Mexican journalist, Carmen Aristegui, has called the lawsuit filed against her and her publisher - Penguin Random House Grupo Editorial - "a clear case of judicial harassment" after she revealed a conflict of interest scandal. The journalist with her team reporters had first exposed in November 2014 how President Enrique Pena Nieto's wife Angelica Rivera purchased a luxury home from a government contractor. News of the lawsuit comes after Pena Nieto apologised on Monday (18 July) for the $7m (£5.29m, € 6.32m) mansion scandal.
"The idea is that we are harassed, intimidated, that we self-censor ourselves," Aristegui was quoted as saying by the New York Times. "The origin here is from a place of power."
Published last year in October 2015, the book— La Casa Blanca de Peña Nieto — talks about the house by four reporters on Aristegui's team.
Soon after the scandal story broke, she was fired by her employer — MVS radio — in 2015 after working for six years. A lawsuit was filed against her and her publisher by MVS chairman, Joaquín Vargas on 29 May in order to force them to remove all copies of the book from the country's bookshelves. The suit also demands a public apology and the removal of the book's present prologue from any future editions.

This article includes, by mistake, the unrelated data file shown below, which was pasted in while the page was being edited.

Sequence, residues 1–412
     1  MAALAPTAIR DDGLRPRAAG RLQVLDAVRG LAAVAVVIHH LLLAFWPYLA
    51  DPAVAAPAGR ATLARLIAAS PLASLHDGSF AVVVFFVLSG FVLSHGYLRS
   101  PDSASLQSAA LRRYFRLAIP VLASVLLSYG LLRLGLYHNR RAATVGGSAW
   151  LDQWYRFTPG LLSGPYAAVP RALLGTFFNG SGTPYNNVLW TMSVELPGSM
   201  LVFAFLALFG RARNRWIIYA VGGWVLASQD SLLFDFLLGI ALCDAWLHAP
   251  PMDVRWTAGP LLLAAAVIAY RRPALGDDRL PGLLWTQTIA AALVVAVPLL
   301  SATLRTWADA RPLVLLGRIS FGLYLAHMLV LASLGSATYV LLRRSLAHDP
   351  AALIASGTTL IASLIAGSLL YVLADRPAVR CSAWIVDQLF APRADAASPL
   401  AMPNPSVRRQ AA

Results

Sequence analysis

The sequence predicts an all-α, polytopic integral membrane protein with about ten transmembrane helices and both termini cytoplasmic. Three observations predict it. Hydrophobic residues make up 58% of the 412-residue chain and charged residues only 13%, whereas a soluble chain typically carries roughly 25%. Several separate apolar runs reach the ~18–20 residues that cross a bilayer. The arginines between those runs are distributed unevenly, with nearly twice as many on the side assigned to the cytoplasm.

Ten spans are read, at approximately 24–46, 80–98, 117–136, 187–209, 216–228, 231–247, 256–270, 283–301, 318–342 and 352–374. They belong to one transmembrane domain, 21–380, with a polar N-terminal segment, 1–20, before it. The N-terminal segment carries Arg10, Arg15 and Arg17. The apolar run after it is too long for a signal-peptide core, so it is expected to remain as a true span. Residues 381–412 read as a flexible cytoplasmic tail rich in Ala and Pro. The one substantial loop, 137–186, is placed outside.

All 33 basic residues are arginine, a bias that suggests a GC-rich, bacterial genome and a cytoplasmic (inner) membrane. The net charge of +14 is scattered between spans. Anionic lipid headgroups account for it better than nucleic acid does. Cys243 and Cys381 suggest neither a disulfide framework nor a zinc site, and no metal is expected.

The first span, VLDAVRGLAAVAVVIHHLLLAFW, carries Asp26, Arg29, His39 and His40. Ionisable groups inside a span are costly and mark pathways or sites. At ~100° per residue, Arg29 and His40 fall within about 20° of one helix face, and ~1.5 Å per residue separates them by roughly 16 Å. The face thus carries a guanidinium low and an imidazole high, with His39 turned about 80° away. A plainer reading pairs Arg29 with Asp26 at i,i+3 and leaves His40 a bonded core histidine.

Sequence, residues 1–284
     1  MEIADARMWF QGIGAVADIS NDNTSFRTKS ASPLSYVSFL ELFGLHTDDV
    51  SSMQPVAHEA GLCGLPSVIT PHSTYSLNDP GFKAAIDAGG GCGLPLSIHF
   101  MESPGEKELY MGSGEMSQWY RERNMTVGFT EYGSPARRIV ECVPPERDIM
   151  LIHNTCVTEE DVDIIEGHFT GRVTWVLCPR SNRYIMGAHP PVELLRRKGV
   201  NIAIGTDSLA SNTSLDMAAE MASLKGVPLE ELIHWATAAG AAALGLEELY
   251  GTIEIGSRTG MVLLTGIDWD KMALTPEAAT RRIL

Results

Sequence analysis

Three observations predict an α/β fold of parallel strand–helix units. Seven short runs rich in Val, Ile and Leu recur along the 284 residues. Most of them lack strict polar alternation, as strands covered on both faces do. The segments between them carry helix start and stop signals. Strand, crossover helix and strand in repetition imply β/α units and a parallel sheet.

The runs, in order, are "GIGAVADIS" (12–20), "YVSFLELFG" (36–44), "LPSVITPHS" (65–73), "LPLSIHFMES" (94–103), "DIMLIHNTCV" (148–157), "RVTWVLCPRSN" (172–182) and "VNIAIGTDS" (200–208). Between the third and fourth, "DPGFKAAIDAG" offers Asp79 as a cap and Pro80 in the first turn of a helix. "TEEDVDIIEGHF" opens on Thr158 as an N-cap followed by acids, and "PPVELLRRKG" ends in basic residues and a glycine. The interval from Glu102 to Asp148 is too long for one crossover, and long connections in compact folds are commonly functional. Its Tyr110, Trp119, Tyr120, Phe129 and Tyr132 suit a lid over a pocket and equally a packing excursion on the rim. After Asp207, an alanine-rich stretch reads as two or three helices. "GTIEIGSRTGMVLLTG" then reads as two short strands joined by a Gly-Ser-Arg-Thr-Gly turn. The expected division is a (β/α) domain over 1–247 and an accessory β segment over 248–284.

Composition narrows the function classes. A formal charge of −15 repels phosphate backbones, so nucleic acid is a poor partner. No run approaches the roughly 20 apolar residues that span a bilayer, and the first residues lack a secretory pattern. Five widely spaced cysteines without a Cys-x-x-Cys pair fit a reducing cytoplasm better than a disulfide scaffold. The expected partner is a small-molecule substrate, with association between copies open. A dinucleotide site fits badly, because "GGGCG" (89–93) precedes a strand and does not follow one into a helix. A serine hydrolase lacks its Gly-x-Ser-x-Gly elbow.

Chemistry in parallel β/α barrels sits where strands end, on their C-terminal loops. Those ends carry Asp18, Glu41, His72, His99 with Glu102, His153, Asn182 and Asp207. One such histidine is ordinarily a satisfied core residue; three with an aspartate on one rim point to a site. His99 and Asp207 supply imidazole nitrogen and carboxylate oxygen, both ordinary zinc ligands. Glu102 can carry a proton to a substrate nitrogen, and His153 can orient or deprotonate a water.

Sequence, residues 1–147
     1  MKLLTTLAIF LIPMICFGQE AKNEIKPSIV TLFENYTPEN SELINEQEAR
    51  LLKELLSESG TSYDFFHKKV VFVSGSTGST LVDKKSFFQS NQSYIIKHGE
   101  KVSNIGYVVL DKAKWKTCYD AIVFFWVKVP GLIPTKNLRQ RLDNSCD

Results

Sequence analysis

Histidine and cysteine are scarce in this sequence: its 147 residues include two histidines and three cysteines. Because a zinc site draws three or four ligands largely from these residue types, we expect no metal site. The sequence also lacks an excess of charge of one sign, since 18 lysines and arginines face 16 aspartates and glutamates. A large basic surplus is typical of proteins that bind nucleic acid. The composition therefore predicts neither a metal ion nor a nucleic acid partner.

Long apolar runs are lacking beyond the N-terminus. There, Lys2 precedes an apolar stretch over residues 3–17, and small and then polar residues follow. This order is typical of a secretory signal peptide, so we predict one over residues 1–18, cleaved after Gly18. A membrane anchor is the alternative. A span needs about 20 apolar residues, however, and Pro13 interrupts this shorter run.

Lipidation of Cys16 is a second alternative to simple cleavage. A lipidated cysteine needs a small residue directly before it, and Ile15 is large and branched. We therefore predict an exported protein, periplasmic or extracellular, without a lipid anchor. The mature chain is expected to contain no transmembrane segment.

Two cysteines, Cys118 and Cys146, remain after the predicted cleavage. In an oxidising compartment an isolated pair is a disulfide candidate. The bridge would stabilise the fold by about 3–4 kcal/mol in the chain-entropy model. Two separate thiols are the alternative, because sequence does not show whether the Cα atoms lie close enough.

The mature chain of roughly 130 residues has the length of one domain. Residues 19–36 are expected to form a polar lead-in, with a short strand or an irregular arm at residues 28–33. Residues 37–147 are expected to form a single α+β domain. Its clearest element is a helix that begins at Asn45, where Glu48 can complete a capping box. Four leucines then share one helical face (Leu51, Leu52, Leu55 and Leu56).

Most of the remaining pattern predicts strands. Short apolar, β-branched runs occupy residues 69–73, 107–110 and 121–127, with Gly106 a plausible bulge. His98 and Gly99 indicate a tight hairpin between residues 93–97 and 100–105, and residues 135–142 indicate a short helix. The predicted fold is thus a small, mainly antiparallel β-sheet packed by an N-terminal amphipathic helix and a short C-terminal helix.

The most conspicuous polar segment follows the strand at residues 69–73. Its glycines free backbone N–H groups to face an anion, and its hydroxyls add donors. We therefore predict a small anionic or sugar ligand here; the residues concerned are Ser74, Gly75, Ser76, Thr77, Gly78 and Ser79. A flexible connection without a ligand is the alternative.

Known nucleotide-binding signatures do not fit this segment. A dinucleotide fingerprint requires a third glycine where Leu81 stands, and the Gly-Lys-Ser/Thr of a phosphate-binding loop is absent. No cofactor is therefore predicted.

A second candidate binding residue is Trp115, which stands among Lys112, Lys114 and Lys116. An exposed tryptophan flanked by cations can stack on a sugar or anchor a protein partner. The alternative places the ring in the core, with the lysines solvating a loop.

"On one hand, [the president] is asking for forgiveness. On the other, we're being sued," Aristegui said. She also blamed the Vargas family owned MVS Radio and said that they suffered a "moral collapse" in agreeing with the government to fire her, which she has mentioned in the book's prologue also.
However, the Pena Nieto government has denied any connection with the case and said that MVS terminated Aristegui from job because of some issues between them.
According to MVS, they fired the journalist because her prologue contained lies against Joaquín Vargas, chairman of the MVS board of directors, and mentioned that she should provide proof before alleging anything against him. They also denied any influence from the government in their decision.
However, despite facing a bunch of challenges, Penguin Random House Grupo Editorial, Random House's Spanish-language division, has decided to stand firm and planned to fight the lawsuit.
"The investigation itself has never been questioned. In any other country, this wins the national journalism award," Ricardo Gally, the publisher's editorial director in Mexico City was quoted as saying by the Guardian.